A screen grab of the images before they were removed. (Image: WSB-TV/Facebook)
Georgia officials issued a cease and desist letter to a Montessori school after public outrage erupted over images the school shared of young children holding firearms during a field trip to a gun range.
Outcry over the images led to an investigation by the Georgia Department of Early Care and Learning, which found that the school, Holdheide Academy, “was caring for pre-school aged children in an unlicensed space meant for a private school.”
The school, located about 30 miles north of Atlanta, came under scrutiny last week when it led first- and second-grade students on a field trip to gun range Hi-Caliber Firearms. The school’s owner, Tammy Dorsten, said the trip was part of a lesson to learn more about historic sharpshooter Anne Oakley and Davey Crockett.
“Annie Oakley is a part of our Georgia Approved curriculum encompassing Annie Oakley, Davy Crockett and Pecos Bill. Our goal was to show the students how difficult it was for Annie Oakley and others to accomplish all that they did,” Dorsten told local media.
She added: “The students were able to see the distances that Annie Oakley used when selecting her targets and the presentation made it very clear why Annie Oakley was a famous individual and someone whom we are still learning about over 123 years later.”
Sean Jerguson, who owns Hi-Caliber Firearms, was defensive about the characterization of the event. “When you say field trip, I don’t know what that means,” Jerguson told reporters and added, “We’ve had a number of youth programs here. I wouldn’t know how to define a field trip. We have a number of private and home-school groups come into the store.”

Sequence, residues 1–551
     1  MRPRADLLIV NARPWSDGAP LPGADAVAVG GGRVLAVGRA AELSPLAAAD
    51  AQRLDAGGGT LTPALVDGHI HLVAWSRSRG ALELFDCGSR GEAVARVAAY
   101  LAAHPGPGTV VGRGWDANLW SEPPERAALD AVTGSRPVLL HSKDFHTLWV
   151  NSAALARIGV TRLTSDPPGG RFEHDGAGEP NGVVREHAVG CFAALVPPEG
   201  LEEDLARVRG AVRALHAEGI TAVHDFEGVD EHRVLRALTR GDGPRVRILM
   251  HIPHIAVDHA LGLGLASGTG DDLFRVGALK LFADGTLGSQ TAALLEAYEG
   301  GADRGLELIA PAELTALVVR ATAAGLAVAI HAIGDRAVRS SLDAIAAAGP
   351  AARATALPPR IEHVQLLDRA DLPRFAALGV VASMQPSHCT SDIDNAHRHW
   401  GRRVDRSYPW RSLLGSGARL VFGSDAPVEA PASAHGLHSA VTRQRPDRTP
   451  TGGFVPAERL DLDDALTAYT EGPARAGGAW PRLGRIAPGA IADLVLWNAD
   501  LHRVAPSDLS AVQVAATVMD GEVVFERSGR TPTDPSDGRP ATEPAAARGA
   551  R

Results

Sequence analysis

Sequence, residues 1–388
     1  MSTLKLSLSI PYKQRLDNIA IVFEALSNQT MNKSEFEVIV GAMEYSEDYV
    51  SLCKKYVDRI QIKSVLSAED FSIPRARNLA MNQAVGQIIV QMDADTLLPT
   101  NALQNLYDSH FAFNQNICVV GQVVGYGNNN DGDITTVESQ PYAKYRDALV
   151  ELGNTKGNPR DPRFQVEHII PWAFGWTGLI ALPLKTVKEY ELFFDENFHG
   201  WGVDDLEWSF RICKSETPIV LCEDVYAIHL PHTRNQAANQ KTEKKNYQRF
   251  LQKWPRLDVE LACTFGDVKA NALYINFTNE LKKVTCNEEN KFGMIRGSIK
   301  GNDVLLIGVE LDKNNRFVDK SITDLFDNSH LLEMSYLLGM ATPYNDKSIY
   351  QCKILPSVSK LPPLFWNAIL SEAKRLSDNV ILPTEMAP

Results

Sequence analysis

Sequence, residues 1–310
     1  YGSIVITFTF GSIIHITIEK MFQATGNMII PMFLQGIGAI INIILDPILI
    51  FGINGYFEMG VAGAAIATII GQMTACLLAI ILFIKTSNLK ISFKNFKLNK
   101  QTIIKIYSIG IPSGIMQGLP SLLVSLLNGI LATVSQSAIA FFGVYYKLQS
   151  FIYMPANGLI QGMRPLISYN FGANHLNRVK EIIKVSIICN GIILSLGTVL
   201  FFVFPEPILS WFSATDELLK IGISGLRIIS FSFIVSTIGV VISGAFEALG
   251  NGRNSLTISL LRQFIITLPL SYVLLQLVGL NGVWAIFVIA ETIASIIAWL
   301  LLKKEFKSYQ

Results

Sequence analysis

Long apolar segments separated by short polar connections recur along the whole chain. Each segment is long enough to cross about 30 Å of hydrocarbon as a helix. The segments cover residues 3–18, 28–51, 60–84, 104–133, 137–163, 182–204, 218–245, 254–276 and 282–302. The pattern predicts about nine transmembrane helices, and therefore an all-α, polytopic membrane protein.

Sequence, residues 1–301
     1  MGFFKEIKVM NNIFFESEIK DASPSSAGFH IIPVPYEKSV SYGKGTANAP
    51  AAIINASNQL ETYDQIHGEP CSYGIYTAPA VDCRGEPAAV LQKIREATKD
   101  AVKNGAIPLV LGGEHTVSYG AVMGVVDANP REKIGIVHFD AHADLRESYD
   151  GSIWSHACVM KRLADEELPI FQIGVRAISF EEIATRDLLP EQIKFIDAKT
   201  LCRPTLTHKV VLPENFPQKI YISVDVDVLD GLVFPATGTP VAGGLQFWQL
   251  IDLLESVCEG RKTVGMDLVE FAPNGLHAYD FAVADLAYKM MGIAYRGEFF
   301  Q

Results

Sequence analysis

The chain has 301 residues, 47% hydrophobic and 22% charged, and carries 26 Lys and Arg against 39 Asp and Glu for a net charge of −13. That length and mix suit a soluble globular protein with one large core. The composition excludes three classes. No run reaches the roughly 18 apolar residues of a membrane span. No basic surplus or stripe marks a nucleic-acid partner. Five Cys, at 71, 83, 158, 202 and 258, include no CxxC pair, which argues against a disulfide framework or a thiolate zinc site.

The controversial images showing children handling firearms — an 1894 Winchester carbine and a six-shooter — were shared on Holdheide’s Facebook page, but have since been taken down. Dorsten explained that the children attending the field trip were first given safety instructions before handling the firearms, and also had their parents’ written approval to attend the trip.
Local media documented comments on the schools social media pages, but the comments section appears to have been taken down. According to the school’s website, Holdheide offers programs for students ranging from pre-schoolers to 2nd grade.
Despite negative reactions, the school also generated supportive responses. Dorsten continues to defend the trip, calling it a “wonderful learning experience.”
While few of us ever thought we’d have a blacked-out lever-action hunting rifle on our wish list, here we are with not one, but two. The Marlin Dark series was followed by the Henry X-Model, both American-made levers.